"DDDDDDDDRRRR." The noise has moved up a notch and now seems to be coming from several different directions at once, a kind of stereo surround-sound version of hell.

I find myself looking up ancient Chinese forms of torture on the Internet. "Slow slicing," or "death by 1,000 cuts" sounds pretty nasty, but the water drip technique sounds relatively pleasant, at least compared to drilling. "At least water torture would be quiet," I think.

After a few days I am not sure if the drilling is actually going on or not, because I can hear it all the time anyway. The drill has an uncanny sense of timing. Sometimes I think it has stopped, but as soon as I turn on the television it starts again.

"DDDDDRRRRRR" it says spitefully. "DDDRRRRRRR."

"That's enough," I think one evening. "This is show time." I go up to the ninth floor. A builder answers the door wearing what look like underpants and brandishing a huge pneumatic drill. I peer into the flat. To my dismay, it looks distinctly unfinished. There are drill holes everywhere.

"Hi, I'm from downstairs," I say. "I wondered how much longer this was going to go on for?" The builder grins proudly and looks down at his drill.

"We have a lot of work to do," he says, pointing the tool directly at me and making a drilling noise. "DRRRRRRRRR."

"When do you think it will be finished?" I say.

The builder's workmate comes to the door to see what is going on. He is also wearing underpants and wields an even bigger drill.

"It's hard to say," the first builder says, beaming. "Probably by the end of the month. Maybe even sooner."

I breathe a sigh of relief. I have a blissful vision of snoozing in the balmy quietude of my flat. "Hallelujah," I think. "That was really getting too much."

"Then we start on the house downstairs!" the second builder says joyfully, pointing his drill at the wall. "DRRRRRRRRRRR."
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Old August 30th, 2012, 03:44 AM   #2153
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Town reconsiders demolition of century-old house
Shanghai Daily
Aug 30, 2012

A TOWN government yesterday agreed to reevaluate the historic value of a century-old house in a Shanghai suburban area after the 76-year-old owner moved back into the dilapidated building alone to protect it from demolition.

The structure of wood and brick was built in the late Qing Dynasty (1644-1911) with a steep, tiled roof and elaborately engraved flowers and birds. The engraved patterns can also be found on windows and doors.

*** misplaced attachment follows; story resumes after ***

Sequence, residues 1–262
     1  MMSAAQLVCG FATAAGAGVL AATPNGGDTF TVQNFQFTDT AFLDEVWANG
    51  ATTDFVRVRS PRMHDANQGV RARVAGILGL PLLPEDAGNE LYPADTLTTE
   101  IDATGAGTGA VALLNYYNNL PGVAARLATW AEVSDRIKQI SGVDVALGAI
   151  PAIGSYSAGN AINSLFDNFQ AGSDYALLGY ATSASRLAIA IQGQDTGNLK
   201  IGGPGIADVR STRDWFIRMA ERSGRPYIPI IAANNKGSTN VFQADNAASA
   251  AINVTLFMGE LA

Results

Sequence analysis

"I was born in the house and witnessed it standing in winds and rains for over 70 years, so I really don't want to see it being torn down," Sun Shaoxin said.

Sun's great-grandfather built the 120-square-meter house 100 years ago - it originally had four rooms - and his father spent his whole life living there.

The old house had been closed for years because of its poor condition, but Sun moved in recently to try to save it. He said the local government planned to demolish it in the middle of next month.

The historic building protection authority of Pujiang Town, where the house stands, will send an expert team to reevaluate the value of the building and to decide whether it should be saved, an official with the Minhang District told Shanghai Daily yesterday.

The official said the house failed to be listed among the city's protected historic buildings that cannot be demolished.

However, if the expert team finds it still has value due to its structure or engraved patterns, the government will protect it, the official said.
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Old August 30th, 2012, 01:59 PM   #2154
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Quote:
Originally Posted by hkskyline View Post
Incessant drilling a way of life in city that never stops

"Then we start on the house downstairs!" the second builder says joyfully, pointing his drill at the wall. "DRRRRRRRRRRR."
Amazing story haha

And I think, for a city the size of Shanghai, there isn't even that much construction going on...
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Old August 30th, 2012, 03:09 PM   #2155
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Amazing story haha

And I think, for a city the size of Shanghai, there isn't even that much construction going on...